19 June 2012
ESI briefs young leaders from Southeastern Europe
Alexandra Stiglmayer (third from left) and participants of the workshop. Photo: ESI
Alexandra Stiglmayer (third from left) and participants of the workshop. Photo: ESI

On 19 June 2012, ESI Senior Analyst Alexandra Stiglmayer briefed young leaders from eight countries in Southeastern Europe about the political situation in the Western Balkans and Turkey, regional cooperation and the enlargement process. The young people, who were close to Social-Democratic parties, had been invited to a four-day workshop in Brussels by the European Forum for Democracy and Solidarity and the Foundation for European Progressive Studies.

With regard to regional cooperation, Alexandra stressed that the problems very often involve countries that are already EU member states. She cited Greece's refusal to accept Macedonia's constitutional name as a result of which Greece is blocking the start of EU accession negotiations with Macedonia and its membership of NATO. She also mentioned the fact that Kosovo has not been recognised by five EU member states, which makes it impossible for the EU to conclude any agreements with Kosovo and carry out a stabilisation and association process with Kosovo like with the other Western Balkan countries.

Alexandra said that new efforts should be made to resolve the Macedonian name issue and presented a proposal by ESI Chairman Gerald Knaus. He suggested that Macedonia change its name in the constitution, but that the change enter into effect on the day on which Macedonia accedes to the EU. In this way, Greece would have an incentive to support Macedonia's accession process, while Macedonia would gain an ally and show that it is ready to compromise – and the compromise would be softened by the fact that it would become an EU member state on the day the amendment becomes effective.

With regard to Kosovo, Alexandra said it was important that the Commission be creative and find ways how it can bring the country into the European fold. She mentioned, as an example of achieving a goal that normally requires an agreement, Kosovo's law on readmission and bilateral readmission agreement with EU member states, which replace the EU-Kosovo readmission agreement. A functioning readmission agreement is a condition for a visa liberalisation process on which Kosovo was just embarking and which holds the potential to bring Kosovo much closer to the EU.

Alexandra said that the relations between Serbia and Kosovo are the most significant cooperation problem that involves only countries of the region. She criticised Serbia for not implementing the agreements reached so far under the Belgrade-Pristina Dialogue and said that all EU member states, even those that have not recognised Kosovo, expect a normalisation of relations between these two countries. She also said that Serbia has to be aware that it will be very difficult for it to join the Union if it refuses to cooperate with Kosovo. While it is true that five EU countries have not recognised Kosovo, 22 have – this is something that Serbia has to be aware of.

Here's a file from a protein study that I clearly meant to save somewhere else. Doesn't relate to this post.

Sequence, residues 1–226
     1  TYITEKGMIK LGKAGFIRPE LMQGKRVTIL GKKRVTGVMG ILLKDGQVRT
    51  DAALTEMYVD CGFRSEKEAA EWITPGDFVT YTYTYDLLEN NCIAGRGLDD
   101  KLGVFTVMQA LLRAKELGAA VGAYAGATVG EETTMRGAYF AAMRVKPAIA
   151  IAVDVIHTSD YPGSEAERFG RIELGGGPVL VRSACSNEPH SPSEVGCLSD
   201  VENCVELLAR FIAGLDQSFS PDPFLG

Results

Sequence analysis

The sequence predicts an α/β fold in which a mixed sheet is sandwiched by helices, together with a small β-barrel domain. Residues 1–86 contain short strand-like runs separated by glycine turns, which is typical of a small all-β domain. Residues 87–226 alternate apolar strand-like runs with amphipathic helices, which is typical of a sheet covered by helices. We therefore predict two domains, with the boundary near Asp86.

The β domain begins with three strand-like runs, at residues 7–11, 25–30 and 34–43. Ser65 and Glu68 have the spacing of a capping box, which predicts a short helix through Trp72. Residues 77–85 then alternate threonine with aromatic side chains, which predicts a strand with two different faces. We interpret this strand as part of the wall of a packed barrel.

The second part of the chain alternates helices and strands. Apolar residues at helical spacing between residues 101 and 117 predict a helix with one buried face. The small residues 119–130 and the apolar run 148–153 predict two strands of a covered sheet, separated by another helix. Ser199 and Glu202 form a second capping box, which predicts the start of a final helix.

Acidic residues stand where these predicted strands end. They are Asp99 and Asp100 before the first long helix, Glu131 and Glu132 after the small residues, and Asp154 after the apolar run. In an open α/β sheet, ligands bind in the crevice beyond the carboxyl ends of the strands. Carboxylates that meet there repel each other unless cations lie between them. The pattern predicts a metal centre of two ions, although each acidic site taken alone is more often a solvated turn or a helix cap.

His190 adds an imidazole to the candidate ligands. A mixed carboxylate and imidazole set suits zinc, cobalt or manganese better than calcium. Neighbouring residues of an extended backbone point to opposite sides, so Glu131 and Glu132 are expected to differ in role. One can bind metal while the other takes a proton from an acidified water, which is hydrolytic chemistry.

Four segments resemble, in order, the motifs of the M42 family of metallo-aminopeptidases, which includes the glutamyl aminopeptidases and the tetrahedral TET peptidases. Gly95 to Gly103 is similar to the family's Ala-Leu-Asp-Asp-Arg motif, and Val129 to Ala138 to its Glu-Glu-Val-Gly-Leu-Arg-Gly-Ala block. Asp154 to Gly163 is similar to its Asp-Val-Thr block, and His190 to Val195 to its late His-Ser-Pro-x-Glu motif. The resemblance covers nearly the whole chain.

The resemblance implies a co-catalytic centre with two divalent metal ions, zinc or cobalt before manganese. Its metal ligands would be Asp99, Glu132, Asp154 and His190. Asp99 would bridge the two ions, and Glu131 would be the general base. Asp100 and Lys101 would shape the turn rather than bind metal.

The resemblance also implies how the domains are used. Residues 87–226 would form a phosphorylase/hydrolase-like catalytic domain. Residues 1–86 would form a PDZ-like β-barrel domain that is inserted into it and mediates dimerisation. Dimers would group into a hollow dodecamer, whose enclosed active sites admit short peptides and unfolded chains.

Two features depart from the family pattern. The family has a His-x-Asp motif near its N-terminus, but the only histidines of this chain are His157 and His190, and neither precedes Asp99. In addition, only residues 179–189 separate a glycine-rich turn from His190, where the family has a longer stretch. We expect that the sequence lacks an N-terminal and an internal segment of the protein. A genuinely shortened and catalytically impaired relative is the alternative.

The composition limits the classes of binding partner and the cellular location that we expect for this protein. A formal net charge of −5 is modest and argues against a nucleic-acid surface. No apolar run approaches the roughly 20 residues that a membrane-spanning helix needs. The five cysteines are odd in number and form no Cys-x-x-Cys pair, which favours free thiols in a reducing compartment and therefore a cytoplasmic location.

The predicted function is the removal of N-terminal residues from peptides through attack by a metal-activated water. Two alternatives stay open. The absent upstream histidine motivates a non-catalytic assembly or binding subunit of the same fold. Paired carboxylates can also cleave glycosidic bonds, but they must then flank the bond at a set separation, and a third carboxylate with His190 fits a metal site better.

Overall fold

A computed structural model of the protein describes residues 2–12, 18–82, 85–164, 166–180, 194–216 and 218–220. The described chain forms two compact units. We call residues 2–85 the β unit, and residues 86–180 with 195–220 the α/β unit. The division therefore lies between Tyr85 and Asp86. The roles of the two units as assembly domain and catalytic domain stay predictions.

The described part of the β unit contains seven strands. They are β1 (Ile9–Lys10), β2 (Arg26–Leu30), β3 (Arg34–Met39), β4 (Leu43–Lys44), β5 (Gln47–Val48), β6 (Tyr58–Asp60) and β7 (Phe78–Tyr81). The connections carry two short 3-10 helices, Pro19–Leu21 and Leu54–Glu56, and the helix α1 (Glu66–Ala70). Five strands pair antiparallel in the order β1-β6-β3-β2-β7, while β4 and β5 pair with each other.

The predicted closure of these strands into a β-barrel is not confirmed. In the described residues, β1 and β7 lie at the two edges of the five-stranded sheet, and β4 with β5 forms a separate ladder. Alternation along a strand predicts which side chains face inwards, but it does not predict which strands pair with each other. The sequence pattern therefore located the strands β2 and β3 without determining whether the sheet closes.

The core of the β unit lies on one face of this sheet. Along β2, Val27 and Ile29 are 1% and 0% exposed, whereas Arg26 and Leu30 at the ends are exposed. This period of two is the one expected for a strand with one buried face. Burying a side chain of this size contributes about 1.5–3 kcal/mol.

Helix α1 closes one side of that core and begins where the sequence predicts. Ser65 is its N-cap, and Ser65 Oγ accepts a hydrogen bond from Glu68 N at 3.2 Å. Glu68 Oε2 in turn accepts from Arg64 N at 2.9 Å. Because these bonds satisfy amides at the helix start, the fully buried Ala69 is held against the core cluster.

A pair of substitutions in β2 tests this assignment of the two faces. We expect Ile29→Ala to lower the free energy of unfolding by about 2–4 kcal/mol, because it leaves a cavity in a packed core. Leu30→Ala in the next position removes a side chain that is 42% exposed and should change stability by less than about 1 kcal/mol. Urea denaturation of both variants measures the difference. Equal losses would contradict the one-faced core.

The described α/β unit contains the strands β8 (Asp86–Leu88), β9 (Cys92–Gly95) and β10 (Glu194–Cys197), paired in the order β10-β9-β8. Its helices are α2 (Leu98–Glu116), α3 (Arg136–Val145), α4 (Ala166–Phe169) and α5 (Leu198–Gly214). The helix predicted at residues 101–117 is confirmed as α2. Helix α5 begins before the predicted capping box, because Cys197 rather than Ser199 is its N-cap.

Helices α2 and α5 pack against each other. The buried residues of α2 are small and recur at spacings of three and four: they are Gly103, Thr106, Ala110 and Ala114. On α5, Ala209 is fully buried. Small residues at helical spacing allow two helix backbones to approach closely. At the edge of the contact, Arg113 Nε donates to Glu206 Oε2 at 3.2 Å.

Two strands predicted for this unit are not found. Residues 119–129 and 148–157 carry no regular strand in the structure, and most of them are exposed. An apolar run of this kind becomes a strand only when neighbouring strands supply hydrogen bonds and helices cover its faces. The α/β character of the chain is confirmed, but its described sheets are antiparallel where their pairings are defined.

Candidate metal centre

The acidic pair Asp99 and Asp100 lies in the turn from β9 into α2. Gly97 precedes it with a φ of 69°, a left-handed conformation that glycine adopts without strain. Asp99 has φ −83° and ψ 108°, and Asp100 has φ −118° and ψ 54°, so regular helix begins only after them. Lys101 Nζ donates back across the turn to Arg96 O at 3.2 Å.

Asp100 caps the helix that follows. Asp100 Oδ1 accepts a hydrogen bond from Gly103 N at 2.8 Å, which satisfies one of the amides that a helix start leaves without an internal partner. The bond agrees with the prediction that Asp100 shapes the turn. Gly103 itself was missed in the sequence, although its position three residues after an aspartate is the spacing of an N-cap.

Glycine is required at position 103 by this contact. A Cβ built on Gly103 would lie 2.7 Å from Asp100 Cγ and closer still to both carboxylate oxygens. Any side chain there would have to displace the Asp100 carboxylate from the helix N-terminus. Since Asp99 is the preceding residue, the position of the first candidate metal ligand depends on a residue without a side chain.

Finally, Alexandra also suggested that the countries of the region come together on issues of common concern and show a united front to Brussels. Sometimes this could be a joint op-ed by the prime ministers, but it could also be joint advocacy and lobbying efforts on important issues.

Alexandra briefly discussed the situation in each Western Balkan country, calling for the launch of accession negotiation with Montenegro. EU leaders are due to decide on this at the end of June. She said a positive decision would show that enlargement continues even in times of economic and financial difficulty, which would encourage the other candidate countries to continue to implement EU reforms.

Alexandra also talked about the accession negotiations with Turkey, which have almost ground to a halt. She said a visa liberalisation process for Turkey would be most important to revive EU-Turkey relations and show Turkey that it is not discriminated against.

Other speakers at the conference included MEP Tanja Fajon and Rene Cuperus, Director for International Relations and Senior Research Fellow at the Dutch Wiardi Beckman Foundation. The young leaders were from Albania, Bosnia, Croatia, Macedonia, Montenegro, Serbia, Slovenia and Turkey.

More information is available on ESI's enlargement portal, its Turkey pages and its pages on visa liberalisation with Turkey, Kosovo and the Western Balkans.

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